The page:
Over the last year, we have gone through a root-and-branch review of our investment process. Whilst the majority of items just required some fine tuning, a couple of other changes are more significant and worth explaining in further detail. First-up is the way our regional allocations within growth assets are comprised.
Your attitude to risk governs which risk profile is appropriate for you. Meanwhile, the target portfolio allocations we build aim to deliver outcomes appropriate for each risk profile. Once each of these is known, your investment manager builds your portfolio around the appropriate target allocations.
Shown in the chart below is a breakdown of growth assets by regional equity market. We can see a good level of diversification across all risk profiles, but on closer inspection you will notice the level of UK equities represents a higher proportion in lower risk profiles while being a lower proportion in higher risk profiles. The rationale for this breakdown has been to manage the risk of foreign currency holdings in portfolios, especially those with lower risk tolerance. However, we think the time is right to change this.
China accession to the World Trade Organisation in December 2001 marked the beginning of what we now refer to as ‘globalisation’. Over the last 20 years, companies all over the world have been able to outsource their manufacturing requirements to China and benefit from its lower labour costs. Global sourcing of products has, until recently, required large scale operations. Businesses have needed whole departments to manage procurement, logistics, shipping etc. The scale of big business really did go global.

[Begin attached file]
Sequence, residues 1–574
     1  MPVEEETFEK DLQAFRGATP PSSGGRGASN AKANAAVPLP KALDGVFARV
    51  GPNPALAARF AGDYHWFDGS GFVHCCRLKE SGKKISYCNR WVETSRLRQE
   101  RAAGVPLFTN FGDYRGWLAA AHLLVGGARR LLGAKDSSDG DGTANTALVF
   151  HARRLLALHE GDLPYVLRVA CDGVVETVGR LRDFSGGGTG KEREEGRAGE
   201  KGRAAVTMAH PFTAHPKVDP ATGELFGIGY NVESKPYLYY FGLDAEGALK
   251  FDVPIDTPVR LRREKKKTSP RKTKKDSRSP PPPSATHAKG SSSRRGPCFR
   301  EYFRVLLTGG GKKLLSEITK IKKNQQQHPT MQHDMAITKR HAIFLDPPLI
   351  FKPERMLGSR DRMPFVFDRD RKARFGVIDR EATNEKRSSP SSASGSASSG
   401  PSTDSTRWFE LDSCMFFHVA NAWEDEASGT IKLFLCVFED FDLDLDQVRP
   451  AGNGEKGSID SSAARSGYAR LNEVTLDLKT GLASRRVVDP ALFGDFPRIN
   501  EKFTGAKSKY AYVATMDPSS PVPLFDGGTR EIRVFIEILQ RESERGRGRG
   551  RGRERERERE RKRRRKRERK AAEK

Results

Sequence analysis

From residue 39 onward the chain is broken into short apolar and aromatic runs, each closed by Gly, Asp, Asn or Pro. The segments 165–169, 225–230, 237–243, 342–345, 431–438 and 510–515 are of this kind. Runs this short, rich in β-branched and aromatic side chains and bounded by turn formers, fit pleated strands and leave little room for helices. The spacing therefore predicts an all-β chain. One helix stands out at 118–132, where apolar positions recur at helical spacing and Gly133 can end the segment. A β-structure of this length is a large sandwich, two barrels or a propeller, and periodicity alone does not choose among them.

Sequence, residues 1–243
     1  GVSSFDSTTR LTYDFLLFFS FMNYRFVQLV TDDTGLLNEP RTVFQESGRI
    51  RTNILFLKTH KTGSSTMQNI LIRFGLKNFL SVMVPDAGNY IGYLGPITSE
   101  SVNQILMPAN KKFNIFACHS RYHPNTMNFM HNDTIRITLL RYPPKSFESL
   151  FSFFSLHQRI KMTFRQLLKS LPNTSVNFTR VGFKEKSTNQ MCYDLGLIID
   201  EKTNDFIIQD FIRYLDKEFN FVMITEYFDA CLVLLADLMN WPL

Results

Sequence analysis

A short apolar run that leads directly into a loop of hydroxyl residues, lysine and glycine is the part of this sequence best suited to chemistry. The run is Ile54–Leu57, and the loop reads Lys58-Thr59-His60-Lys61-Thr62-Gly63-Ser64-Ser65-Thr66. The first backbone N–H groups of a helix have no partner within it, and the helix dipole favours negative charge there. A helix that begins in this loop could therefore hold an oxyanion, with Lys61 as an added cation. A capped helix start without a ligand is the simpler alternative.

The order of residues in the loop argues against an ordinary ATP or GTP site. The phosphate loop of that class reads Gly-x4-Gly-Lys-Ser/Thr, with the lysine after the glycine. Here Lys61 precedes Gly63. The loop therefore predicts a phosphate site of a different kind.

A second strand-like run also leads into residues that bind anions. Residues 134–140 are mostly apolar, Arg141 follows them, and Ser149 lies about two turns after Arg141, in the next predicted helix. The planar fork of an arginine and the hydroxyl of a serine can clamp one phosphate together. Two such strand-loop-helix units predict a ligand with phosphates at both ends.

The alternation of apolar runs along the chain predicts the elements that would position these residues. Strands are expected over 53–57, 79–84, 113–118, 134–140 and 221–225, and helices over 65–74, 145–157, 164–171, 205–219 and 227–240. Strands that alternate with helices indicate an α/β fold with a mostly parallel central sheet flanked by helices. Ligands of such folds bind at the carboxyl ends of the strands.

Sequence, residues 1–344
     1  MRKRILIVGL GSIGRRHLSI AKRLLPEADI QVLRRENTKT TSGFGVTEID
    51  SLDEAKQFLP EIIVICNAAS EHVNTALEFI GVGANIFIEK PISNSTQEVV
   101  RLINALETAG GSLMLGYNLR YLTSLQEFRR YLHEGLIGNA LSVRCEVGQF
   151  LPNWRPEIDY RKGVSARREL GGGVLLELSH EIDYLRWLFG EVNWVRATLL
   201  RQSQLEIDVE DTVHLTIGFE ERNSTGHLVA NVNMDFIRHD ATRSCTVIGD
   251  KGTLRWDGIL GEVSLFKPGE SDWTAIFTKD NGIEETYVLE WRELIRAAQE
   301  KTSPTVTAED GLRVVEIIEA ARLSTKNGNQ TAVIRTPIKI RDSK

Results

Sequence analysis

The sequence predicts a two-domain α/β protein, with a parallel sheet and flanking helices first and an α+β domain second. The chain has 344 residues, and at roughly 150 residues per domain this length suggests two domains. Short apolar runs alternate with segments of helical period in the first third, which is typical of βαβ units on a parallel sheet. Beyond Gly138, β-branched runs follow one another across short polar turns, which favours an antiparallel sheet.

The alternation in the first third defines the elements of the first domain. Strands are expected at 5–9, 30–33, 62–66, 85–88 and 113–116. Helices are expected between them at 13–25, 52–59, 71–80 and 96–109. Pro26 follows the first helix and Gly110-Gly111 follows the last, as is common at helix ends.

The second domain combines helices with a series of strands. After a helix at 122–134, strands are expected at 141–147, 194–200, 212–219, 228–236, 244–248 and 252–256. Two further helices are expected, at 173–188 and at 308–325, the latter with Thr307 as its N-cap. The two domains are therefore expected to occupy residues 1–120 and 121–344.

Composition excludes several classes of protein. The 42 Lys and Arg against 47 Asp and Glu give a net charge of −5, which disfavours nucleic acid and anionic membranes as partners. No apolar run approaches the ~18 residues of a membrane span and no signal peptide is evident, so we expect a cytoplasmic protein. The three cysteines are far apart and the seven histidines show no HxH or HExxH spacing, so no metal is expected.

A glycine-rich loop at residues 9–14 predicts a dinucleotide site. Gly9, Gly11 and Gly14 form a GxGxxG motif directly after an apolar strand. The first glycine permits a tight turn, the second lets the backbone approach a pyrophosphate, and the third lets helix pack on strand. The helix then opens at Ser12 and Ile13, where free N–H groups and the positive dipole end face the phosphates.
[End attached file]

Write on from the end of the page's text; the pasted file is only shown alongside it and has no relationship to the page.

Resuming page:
With its earnings from increased trade with the rest of the world, China reinvested internally on a massive scale, building new cities, roads, rail networks, bridges and telecommunications infrastructure. All this investment has been especially beneficial to companies that produce physical commodities and energy. In particular, the UK equity market enjoyed a great combination of a mix of large companies benefiting from globalisation as well as companies selling commodities.
We believe the trend of both globalisation and massive Chinese infrastructure investment are unlikely to continue and may even possibly reverse. Whilst there are numerous reasons for this, the key drivers are:
- Technology innovation: by its nature, technology transforms what has hitherto been possible. The most recent wave of technology innovation has spread beyond the technology sector. Technology enabled businesses have connected directly with consumers through their smartphones, which has led to new business models, many of which have disrupted industry incumbents in record time. The next innovations in technology promise to be equally disruptive across even more economic sectors.
- Trade-wars: we have written extensively about the trade-war between the US and China. It is difficult to have certainty about how things will play out exactly, but it seems likely there will be less economic and technological integration between them. We think there is a good chance their spheres of technological influence are likely to diverge.